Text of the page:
Monitoring Hospital Patients Using Ambient Displays

Monitoring Hospital Patients Using Ambient Displays

Monica Tentori (CICESE, Mexico), Daniela Segura (CICESE, Mexico) and Jesus Favela (CICESE, Mexico)
Copyright: © 2009 |Pages: 16
DOI: 10.4018/978-1-60566-332-6.ch008
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Abstract

Hospital work is characterized by intense mobility, a frequent switching between tasks, and the need to collaborate and coordinate activities among specialists. These working conditions impose important demands on hospital staff, whose attention becomes a limited and important resource to administer. Nurses in particular, need to constantly monitor the status of patients in order to assess their condition, assist them and/or notify physicians or specialists. Given their work load, it is not rare for them to miss important events, such as a catheter being disconnected due to the patient movement or the need to change a urine bag that has been filled. Pervasive technologies by being able to continuously monitor patients could provide awareness of the patients’ health condition. This awareness must be subtle, expressive, and unobtrusive without intruding on hospital workers’ focal activity. In this chapter the authors explore the use of ambient displays to adequately monitor patient’s health status and promptly and opportunistically notify hospital workers of those changes. To show the feasibility and applicability of ambient displays in hospitals they designed and developed two ambient displays that can be used to provide awareness patients’ health status to hospital workers. The first display takes into account the mobility experienced by nurses during their work to supervise the activities of daily living (ADL) conducted by patients. The second display is a flower vase that notifies nurses the urine output of patients and the status of their urine bag.
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Introduction

Hospital staff face working conditions that are substantially different from those of office workers, for which traditional desktop computers were developed (Bardram, J. E., & Bossen, C., 2003; Bardram, J. E., & Bossen, C., 2005; Moran, E. B., Tentori, M., González, V. M., Martinez-Garcia, A. I., & Favela, J., 2006). Most hospital staff need to move continuously around the premises to access people, knowledge, and resources in order to perform their work effectively (Bardram, J. E., et al, 2005). Thus, mobility characterizes work in these environments. For instance, physicians make daily rounds to assess and diagnose patients, changing their location to find colleagues or locate artifacts (patient records, x-ray images, medications) placed in bed wards, laboratories or offices. Therefore, information in hospitals is not generally concentrated in a single place, but distributed among a collection of artifacts in different locations. Consequently, hospitals can be seen as an information space and it is by “navigating” this space that hospital staff can access the information required to support their goal (Bossen, C., 2002).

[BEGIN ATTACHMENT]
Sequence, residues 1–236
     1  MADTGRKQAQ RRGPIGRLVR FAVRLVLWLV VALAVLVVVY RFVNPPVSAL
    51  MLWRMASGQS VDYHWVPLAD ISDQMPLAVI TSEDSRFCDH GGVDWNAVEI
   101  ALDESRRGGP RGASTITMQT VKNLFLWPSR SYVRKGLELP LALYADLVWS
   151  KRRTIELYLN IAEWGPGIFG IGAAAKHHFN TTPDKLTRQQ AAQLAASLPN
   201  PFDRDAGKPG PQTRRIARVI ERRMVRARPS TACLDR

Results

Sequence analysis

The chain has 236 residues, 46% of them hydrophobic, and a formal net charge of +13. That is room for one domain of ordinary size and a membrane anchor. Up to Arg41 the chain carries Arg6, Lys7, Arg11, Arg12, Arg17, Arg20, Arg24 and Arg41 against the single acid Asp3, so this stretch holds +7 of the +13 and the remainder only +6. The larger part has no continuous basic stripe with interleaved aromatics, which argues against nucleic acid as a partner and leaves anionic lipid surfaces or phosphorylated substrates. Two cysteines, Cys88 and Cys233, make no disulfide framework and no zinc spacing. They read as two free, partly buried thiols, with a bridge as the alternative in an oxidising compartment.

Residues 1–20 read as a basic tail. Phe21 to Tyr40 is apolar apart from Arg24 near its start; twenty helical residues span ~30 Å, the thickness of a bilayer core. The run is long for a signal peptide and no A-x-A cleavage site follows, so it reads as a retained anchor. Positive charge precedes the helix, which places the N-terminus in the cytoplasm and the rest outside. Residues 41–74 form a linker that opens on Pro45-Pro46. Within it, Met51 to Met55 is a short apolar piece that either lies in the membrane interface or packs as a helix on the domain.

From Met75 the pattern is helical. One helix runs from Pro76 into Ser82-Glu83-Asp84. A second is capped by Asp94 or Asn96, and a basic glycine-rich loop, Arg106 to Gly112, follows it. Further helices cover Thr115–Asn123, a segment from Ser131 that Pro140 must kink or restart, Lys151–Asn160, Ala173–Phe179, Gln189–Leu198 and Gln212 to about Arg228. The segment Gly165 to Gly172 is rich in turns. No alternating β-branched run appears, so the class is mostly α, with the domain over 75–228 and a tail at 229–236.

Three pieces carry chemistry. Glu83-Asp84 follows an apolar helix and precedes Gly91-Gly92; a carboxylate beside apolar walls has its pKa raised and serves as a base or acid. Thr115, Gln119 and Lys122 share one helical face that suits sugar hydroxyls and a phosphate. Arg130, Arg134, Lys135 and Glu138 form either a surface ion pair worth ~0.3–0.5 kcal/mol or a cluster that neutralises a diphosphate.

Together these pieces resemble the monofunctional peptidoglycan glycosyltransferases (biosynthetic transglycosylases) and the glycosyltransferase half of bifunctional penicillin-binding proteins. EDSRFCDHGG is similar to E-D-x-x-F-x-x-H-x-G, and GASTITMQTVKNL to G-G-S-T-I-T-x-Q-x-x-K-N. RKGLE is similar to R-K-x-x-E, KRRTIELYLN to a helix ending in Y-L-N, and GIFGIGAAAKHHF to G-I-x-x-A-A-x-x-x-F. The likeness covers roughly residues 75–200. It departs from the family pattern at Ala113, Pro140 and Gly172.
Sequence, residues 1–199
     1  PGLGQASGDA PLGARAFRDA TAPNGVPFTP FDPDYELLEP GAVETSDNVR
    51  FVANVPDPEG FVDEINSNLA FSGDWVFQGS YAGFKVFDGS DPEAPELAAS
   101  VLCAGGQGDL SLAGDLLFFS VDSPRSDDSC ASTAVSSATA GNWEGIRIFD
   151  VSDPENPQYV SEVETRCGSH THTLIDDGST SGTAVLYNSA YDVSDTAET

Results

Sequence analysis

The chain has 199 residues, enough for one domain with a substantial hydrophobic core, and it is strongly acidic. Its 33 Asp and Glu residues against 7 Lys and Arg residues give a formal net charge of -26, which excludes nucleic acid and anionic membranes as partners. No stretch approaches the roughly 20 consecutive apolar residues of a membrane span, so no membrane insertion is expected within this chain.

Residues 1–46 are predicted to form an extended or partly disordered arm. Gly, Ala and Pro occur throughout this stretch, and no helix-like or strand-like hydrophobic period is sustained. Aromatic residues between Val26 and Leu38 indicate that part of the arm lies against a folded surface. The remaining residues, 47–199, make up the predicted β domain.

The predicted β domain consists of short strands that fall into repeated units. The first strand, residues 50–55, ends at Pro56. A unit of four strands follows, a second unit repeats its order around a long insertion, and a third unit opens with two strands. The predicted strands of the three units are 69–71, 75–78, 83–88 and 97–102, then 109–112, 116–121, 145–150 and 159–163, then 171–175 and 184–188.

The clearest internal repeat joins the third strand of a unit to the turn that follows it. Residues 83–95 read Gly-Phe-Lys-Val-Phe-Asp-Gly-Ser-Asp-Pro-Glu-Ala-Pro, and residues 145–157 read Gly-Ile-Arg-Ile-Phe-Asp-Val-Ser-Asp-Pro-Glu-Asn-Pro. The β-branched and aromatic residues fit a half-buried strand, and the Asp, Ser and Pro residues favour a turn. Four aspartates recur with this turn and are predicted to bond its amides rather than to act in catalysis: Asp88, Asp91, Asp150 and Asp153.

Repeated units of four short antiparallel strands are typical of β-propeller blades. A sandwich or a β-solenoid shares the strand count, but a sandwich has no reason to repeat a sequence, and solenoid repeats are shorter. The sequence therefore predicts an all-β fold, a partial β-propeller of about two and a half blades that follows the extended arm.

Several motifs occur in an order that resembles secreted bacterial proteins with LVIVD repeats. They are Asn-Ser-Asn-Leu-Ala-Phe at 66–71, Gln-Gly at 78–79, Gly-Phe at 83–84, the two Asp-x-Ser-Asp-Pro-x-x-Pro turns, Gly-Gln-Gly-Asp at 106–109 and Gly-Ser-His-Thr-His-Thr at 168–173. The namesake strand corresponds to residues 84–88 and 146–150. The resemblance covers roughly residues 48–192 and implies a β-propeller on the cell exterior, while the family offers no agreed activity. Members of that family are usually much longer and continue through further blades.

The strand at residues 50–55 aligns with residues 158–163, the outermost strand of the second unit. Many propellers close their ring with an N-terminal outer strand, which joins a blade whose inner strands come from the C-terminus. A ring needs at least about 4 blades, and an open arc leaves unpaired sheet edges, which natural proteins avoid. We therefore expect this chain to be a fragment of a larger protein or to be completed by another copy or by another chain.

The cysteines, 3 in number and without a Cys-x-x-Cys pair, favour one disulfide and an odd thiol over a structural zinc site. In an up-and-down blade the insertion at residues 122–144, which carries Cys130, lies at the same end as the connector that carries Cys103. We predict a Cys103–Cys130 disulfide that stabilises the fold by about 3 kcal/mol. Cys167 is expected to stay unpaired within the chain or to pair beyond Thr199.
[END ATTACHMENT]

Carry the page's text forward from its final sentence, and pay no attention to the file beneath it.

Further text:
Indeed, nowadays highly mobile hospital workers spend more than 50% of their time on-the-move, making it difficult for them to be aware of the status of the patients they are responsible for (Moran, E. B., et al., 2006). For instance, sometimes hospital workers have patients placed in different rooms or even in different areas of the hospital. Consequently, hospital workers have been held liable for their failure to monitor and promptly respond to patients needs (Smith, K. S., & Ziel, S. E., 1997). This has motivated the introduction of pervasive technologies in hospitals to allow hospital workers to closely monitor patients. For instance, a hospital in Boston is testing an ultrasound tracking system that can determine the location and vital signs of patients (O’Connor, M. C., 2006). These pervasive technologies being introduced range from wireless networks, PDAs (Chin, T., 2005), RFID tags for patient tracking (O’Connor, M. C., 2006), voice-activated communication devices (Stanford, V., 2003), and sensors for patient monitoring (Pentland, A., 2004). Indeed, widespread adoption of sensors that monitor the patients’ vital signs and other indicators promise to improve care and reduce medical costs.

Thus, pervasive technologies for hospitals are increasingly supporting heterogeneous devices that range from handheld computers that can be used to capture and access limited amounts of information, to PCs that can be used at fixed sites for longer periods of time, and semi-public displays located at convenient places that can be used to share and discuss information with colleagues (Favela, J., Rodríguez, M. D., Preciado, A., & Gonzalez, V. M., 2004; Markarian, A., Favela, J., Tentori, M., & Castro, L. A., 2006). Hence, hospital workers today need to interact with different devices with a wide range of functionality (Bardram, J. E., 2005). Consequently, carrying out a single activity typically involves the use of several systems that call for the user’s undivided attention where several information sources battle for a piece of space in the already limited screen real state.